Merrell Dow Pharmaceuticals Inc. v. Thompson

PETITIONER: Merrell Dow Pharmaceuticals Inc.
LOCATION: Superior Court of California, Riverside County

DOCKET NO.: 85-619
DECIDED BY: Burger Court (1981-1986)
LOWER COURT: United States Court of Appeals for the Sixth Circuit

CITATION: 478 US 804 (1986)
ARGUED: Apr 28, 1986
DECIDED: Jul 07, 1986

Frank C. Woodside, III - on behalf of the petitioner
Stanley M. Chesley - on behalf of the respondents

Facts of the case


Media for Merrell Dow Pharmaceuticals Inc. v. Thompson

Audio Transcription for Oral Argument - April 28, 1986 in Merrell Dow Pharmaceuticals Inc. v. Thompson

Warren E. Burger:

We Will hear arguments next in Merrell Dow Pharmaceuticals against Larry James Christopher Thompson.

Mr. Woodside, you may begin whenever you are ready.

Frank C. Woodside, III:

Mr. Chief Justice, and may it please the Court, in order to understand the pendent and federal question jurisdictional issues involved in this matter, it is first necessary to briefly understand the history of this litigation.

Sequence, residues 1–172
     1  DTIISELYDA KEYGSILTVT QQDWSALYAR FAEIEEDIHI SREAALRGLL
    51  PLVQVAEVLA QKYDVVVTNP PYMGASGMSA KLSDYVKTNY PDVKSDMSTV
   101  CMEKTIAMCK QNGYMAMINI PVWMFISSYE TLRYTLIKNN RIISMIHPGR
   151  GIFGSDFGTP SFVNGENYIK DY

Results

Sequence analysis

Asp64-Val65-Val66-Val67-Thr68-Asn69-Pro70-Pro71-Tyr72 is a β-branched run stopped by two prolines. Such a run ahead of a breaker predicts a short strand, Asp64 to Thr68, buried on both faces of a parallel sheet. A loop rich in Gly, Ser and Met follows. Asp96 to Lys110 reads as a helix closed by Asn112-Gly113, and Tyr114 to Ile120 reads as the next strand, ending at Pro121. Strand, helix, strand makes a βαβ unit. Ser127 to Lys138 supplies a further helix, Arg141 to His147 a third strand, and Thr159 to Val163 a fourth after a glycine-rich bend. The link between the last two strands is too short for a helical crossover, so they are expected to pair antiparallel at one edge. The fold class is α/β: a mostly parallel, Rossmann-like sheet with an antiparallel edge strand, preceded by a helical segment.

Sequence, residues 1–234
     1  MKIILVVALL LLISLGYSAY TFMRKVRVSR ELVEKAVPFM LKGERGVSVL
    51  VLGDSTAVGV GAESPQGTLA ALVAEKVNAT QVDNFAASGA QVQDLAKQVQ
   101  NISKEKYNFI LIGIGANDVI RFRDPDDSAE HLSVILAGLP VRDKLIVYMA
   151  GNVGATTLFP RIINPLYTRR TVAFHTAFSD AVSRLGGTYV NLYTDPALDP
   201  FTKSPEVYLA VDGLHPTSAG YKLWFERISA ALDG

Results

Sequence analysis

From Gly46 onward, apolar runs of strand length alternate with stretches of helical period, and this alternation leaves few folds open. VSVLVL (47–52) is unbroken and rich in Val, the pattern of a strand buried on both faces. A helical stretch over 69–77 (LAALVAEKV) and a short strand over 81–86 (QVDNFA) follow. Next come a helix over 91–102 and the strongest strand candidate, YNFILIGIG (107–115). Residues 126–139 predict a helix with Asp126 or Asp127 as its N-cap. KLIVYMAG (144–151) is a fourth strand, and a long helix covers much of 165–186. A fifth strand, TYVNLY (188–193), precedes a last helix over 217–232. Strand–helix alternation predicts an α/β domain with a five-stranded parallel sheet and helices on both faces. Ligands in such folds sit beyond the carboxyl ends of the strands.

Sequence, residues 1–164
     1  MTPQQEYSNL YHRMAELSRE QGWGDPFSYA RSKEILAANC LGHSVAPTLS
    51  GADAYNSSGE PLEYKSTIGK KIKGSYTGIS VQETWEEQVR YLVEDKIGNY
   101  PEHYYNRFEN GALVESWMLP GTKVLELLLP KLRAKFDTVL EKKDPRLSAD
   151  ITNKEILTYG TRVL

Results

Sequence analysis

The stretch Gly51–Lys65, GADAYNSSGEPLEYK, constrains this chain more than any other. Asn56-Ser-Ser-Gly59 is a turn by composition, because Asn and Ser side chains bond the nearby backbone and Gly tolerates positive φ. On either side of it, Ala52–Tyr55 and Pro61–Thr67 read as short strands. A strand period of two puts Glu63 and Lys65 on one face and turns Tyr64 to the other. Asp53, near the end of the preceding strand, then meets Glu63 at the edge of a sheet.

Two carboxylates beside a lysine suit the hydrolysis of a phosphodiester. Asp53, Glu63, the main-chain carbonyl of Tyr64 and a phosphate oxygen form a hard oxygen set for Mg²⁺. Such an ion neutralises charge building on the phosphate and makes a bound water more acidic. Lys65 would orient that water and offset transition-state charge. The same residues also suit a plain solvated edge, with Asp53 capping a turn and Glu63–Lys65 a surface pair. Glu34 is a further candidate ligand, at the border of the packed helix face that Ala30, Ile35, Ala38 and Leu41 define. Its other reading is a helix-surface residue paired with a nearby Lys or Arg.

Bendectin was a medicine manufactured by Merrell Dow Pharmaceuticals in the United States which was for the treatment of morning sickness in pregnant women.

There are several counterparts.

There is Canadian bendectin.

There was Debendox, which is an equivalent product manufactured in Scotland.

In this particular instance the petitioners are Scottish and Canadian individuals.

The litigation involving the American claims was originally consolidated pursuant to multi-district rules before the Honorable Carl Ruben in Cincinnati, Ohio.

At approximately the same time there were a series of cases filed by foreign plaintiffs which had originally been filed in the United States District Court for the Southern District of New York.

Those cases were transferred to 1404 transfer, Judge Briotz to Judge Ruben, after the cases had been... after the foreign cases had been transferred to the Southern District of Ohio, a motion to dismiss on the basis of forum non conveniens was renewed.

That motion was granted and subsequently approved by the United States Court of Appeals for the Sixth Circuit in a case called Ballen versus Richardson Merrell, Inc. Richardson Merrell, Inc., is a predecessor corporation to Merrell Dow Pharmaceuticals, and for all intents and purposes they are the same company.

After Judge Ruben had dismissed the foreign cases... there were a series of approximately 12 on a forum non conveniens basis... the instant cases were filed.

And they were filed in state court on September 1st, 1983.

As I have indicated previously, one of the plaintiffs is from Scotland, took Debendox, the other plaintiff was from Canada and took Canadian Bendectin.

In the complaints which these two plaintiffs filed, and by the way they are virtually identical and were filed by the same counsel, there are six causes of action asserted.